By Ray Stern
By Ray Stern
By New Times
By Amy Silverman
By Stephen Lemons
By Stephen Lemons
By Monica Alonzo
By Chris Parker
In another attempt to calm Fair down, Frank Alber brings up the arrests of Miller and Nelson.
"They had one set of prints, and they have the guy who was there and also out at Saguaro Lake," he says.
"Do you know those guys?" Fair asks.
"I swear to God, I never heard of em," Alber says. "Never saw em. Never heard of em."
@body:The FBI had more than enough evidence to arrest Frank Alber on February 25. In a search of his home, federal agents found a draft of the extortion letter to Kaplan and other incriminating items.
They also found something they considered critical at the time to their conspiracy theory: a canceled check from Frank Alber to a Mike Miller.
Things were coming together.
Alber waived his right to an attorney down at FBI headquarters after his arrest. At first he denied wrongdoing, admitting little more than that he had fallen on financial hard times and was working nights at a 7-Eleven store.
He told the agents he didn't know a Mark Nelson. But he did know a Mike Miller, he said. Did he write a check to that Miller recently? the feds asked him. Sure did, Alber said. That's the name of my divorce lawyer.
The agents then told Alber they had a tape recording of his recent conversation with Rick Fair. Alber admitted he had asked Fair to make the extortion call, because he'd feared Marc Kaplan would recognize his voice.
Alber swore, however, he hadn't sent the extortion note and "had no idea" how a draft of the letter had gotten into his home.
Despite many, many unresolved questions about the involvement of Mark Nelson and Mike Miller, prosecutor Chuck Hyder felt comfortable enough on February 26, 1992, to present the conspiracy case to a federal grand jury.
Keith Tolhurst, the FBI special agent in charge, testified that Mike Miller had not made the extortion call, though Miller's fingerprints were on the pay phone. The agent admitted he hadn't been able to link Nelson and Miller except for the single meeting at Saguaro Lake.
As for a prior relationship between Nelson and Frank Alber, Tolhurst testified it wasn't "conclusive, but we do know that Mr. Alber was attempting to promote a concert with some large-name musical acts . . . and we also know that Mark Nelson claims to be a music promoter of some type."
And what about Alber and Mike Miller? "The only connection that we really have at this time is that they both seem to live in the Chandler area," the agent replied. The government neglected to tell the grand jury about the secretly taped discussion between Frank Alber and his friend Rick Fair.
That conversation--I swear to God, I never heard of em"--certainly favored the suspects. Under federal law, Hyder was obliged to present any exculpatory evidence--that is, evidence that might clear the suspects.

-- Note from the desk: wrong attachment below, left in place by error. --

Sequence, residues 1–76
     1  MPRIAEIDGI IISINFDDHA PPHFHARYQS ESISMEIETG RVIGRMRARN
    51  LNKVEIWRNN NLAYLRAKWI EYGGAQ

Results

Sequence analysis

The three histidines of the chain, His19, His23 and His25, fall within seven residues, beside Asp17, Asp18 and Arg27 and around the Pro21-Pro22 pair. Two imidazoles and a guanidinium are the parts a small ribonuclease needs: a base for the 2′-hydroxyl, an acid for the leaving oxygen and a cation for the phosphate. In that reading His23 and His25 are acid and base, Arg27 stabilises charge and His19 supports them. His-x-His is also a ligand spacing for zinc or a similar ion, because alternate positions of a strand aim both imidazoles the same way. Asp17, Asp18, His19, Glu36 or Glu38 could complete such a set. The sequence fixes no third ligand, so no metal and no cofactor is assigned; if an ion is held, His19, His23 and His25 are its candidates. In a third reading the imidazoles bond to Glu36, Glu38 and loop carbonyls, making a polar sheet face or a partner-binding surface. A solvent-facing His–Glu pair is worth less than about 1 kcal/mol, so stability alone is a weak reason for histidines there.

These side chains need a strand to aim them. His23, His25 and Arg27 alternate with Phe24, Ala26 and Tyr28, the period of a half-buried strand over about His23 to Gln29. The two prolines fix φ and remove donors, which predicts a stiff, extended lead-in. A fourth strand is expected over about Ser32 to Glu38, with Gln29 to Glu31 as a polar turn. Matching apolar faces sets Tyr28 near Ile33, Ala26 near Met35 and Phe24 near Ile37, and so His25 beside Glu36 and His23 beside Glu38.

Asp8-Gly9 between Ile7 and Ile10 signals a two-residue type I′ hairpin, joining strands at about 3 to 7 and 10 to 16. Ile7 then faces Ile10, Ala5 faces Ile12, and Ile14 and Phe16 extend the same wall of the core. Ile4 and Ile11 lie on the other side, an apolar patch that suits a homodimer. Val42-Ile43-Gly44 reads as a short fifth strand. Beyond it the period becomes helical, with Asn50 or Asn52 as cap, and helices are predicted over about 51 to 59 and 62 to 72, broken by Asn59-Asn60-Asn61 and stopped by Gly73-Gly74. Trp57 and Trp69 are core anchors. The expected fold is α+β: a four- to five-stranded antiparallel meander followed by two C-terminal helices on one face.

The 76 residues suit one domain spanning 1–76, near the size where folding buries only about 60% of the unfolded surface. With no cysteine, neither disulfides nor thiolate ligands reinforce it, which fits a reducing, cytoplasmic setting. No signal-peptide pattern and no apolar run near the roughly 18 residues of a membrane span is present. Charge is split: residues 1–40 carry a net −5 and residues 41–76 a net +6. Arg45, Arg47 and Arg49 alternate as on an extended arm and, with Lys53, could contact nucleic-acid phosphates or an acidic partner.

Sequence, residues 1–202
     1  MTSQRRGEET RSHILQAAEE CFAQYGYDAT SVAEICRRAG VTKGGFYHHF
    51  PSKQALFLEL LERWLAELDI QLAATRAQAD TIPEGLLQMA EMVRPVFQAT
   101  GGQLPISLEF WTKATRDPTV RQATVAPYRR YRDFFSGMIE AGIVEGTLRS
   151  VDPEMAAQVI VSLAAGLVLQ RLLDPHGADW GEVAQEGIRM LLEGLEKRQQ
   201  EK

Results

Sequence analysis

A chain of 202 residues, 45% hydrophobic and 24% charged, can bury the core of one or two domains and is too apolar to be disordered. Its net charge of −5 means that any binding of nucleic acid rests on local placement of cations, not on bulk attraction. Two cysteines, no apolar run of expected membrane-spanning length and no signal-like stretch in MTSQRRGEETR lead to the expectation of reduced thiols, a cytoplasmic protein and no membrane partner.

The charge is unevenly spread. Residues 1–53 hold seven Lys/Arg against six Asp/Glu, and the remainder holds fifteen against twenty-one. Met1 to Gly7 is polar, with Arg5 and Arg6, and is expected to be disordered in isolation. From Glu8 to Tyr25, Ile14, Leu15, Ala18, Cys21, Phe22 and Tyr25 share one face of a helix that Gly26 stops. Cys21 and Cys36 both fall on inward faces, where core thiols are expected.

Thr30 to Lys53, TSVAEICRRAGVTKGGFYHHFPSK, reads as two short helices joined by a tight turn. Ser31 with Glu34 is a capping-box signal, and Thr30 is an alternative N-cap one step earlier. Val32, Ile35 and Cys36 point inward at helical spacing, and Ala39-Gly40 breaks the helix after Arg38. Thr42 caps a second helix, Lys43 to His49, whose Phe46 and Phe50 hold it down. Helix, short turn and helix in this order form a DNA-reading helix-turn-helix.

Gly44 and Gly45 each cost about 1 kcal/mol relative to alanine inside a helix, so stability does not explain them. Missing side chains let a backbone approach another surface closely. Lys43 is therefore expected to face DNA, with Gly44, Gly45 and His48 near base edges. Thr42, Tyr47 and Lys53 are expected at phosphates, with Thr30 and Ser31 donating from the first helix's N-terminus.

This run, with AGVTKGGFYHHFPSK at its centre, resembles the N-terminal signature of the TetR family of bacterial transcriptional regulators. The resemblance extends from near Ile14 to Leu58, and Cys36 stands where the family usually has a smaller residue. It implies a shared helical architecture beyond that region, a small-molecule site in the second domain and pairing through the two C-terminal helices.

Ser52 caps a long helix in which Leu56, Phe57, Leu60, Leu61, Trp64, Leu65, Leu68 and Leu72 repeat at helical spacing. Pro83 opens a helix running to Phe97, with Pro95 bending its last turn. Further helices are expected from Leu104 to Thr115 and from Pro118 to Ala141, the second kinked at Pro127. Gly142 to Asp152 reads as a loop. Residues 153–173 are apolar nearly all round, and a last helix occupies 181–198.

®MDRV¯"I knew of the tape," Hyder says, "but I hadn't read the transcript or heard it before we went to the grand jury. You have to understand, the investigation wasn't completed when we presented the case. We feared for the safety of the boy and we had to go early. The grand jury heard everything that I knew at the time."
But there were other oddities. Although there were four men at Saguaro Lake that day, Hyder brought charges only against Miller and Nelson. Hyder won't say why he didn't prosecute ®MDNM¯the two other men who had been at the lake®MDRV¯.®MDNM¯ ®MDRV¯But it appears t®MDNM¯he feds had as much®MDRV¯, ®MDNM¯or as little®MDRV¯, ®MDNM¯evidence®MDRV¯on the other two men as they had on Nelson.®MDNM¯
®MDRV¯Last February 26, ®MDNM¯the federal grand jury indicted Alber, Nelson and Miller on charges of conspiracy and of mailing threatening communications.
@body:The FBI interviewed dozens of people in the days after the indictments against the three men. But the government's case kept getting weaker and weaker.
"We try to gather as much information as possible during our investigation," FBI Special Agent Al Davidson tells New Times, "and then let the prosecutor make the decisions about where to go from there. Sometimes, there may be enough evidence to show 'probable cause' that a person has committed a crime, but there isn't enough to convict that person. That may be what happened in this case."
Mike Miller's boss told the feds Miller hadn't worked that day because of the rain, but had dropped by his house late that afternoon with his friend and co-worker, Bennett. Miller told him he and Bennett had met two other men at the lake. One of them, the longhaired one, had given him a business card, which he showed the boss.
The boss added that he couldn't fathom Miller being part of an extortion plot. Why, the kid didn't plan for more than a few hours ahead, and even then, it concerned only when and where he was going to party.
Miller's friend corroborated, in a separate FBI interview, Miller's goofy story about following a rain cloud to Saguaro Lake. Bennett, too, said he didn't know Mark Nelson or Nelson's friend.